If your studio is small, choose near-field monitors. These are designed to be listened to from 3 to 5 feet away from the monitors driver, directly in front of you and angled inward so your head forms the point of an equilateral triangle between the two monitors. This listening position is referred to as the “sweet spot.”
This minimal distance between your ears and the speaker means that the poor acoustics of your studio will have less of an impact on what you hear. This explains why near-field monitoring is the more popular choice when it comes to mixing and post-production. For untreated rooms, these will help create a more accurate listening environment.
In a properly acoustically treated environment, far-field monitors are a great alternate referencing option during mix. They’ll provide new perspectives in the mid to low frequencies and the music’s dynamics.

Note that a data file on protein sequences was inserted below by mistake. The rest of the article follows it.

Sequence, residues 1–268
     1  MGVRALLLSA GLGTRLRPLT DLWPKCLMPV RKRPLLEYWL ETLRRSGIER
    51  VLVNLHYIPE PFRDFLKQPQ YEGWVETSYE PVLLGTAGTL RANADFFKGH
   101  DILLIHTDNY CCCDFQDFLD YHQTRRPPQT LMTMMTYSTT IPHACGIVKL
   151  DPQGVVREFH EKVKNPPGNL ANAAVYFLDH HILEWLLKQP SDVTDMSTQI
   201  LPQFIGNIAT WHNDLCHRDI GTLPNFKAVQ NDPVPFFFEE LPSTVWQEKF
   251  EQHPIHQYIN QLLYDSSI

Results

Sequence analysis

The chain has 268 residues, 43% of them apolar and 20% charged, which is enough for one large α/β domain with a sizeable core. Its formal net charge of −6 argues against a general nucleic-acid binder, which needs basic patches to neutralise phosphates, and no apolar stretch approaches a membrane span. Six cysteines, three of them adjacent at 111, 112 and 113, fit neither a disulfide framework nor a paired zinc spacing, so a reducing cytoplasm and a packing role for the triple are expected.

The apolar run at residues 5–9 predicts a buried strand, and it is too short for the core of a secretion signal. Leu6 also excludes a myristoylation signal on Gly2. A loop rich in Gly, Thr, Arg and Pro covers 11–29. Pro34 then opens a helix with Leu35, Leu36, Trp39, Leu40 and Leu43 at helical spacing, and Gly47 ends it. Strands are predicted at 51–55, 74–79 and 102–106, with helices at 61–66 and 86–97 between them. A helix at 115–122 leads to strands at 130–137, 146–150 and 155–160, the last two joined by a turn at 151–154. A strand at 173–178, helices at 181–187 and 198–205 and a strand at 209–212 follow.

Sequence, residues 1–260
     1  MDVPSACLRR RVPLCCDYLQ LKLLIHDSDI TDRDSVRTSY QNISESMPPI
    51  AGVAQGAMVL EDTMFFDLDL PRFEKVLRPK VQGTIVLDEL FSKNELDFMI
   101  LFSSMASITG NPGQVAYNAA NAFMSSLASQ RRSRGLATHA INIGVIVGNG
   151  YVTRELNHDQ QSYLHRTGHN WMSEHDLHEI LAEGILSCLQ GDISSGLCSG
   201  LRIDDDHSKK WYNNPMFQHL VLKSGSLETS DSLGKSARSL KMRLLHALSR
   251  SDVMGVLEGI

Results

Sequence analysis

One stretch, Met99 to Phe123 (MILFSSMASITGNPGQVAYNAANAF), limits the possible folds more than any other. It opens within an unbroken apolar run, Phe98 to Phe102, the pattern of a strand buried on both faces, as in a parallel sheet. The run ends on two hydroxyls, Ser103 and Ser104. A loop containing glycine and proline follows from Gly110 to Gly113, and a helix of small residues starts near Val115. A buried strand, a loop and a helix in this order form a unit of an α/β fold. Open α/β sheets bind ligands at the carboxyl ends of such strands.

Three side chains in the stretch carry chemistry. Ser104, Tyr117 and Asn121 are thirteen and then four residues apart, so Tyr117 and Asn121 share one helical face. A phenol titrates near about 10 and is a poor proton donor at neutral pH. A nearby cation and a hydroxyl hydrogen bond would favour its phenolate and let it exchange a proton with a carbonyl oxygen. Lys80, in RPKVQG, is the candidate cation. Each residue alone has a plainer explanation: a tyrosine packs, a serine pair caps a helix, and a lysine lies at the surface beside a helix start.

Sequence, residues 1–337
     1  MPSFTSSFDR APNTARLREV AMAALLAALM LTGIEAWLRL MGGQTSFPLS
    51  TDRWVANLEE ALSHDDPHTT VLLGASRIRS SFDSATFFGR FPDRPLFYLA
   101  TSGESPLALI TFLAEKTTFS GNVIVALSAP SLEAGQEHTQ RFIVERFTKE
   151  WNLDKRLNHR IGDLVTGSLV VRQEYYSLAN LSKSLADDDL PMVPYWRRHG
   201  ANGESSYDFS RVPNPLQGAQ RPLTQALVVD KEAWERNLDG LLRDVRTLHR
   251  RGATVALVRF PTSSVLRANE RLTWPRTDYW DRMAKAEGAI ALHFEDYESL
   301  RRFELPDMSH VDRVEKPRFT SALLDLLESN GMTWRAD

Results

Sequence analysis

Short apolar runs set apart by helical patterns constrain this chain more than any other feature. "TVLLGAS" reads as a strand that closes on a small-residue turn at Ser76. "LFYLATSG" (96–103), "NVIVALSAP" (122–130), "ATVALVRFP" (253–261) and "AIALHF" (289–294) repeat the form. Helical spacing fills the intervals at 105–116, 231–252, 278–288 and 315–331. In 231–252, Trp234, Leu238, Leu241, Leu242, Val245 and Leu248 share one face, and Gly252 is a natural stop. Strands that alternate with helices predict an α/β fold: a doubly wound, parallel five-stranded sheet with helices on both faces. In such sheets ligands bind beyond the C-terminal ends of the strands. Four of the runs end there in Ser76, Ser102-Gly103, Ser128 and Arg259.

However, unless you have transformed your entire barn or into a fully functional recording studio, far-field monitors are simply out of the equation for home studio recording applications.
These large monitors are used for high volume listening, are directed toward generously sized rooms and are commonly placed 10 feet from the engineer. In a home studio, you’re unlikely to benefit from this kind of investment.
Single-amp, Bi-amp, and Tri-amp
These configurations explain how the input signal is divided to power the drivers in a studio monitor. Studio speakers are equipped with amplifiers dedicated to each individual driver.
In the case of a single-amp configuration, appropriate frequencies are sent to each speaker—highs to the tweeter, mids and lows to the woofer. A bi-amp configuration means that each driver has its own dedicated amplifier powering appropriate frequencies. Same goes for the more uncommon tri-amp configuration which has a midrange driver.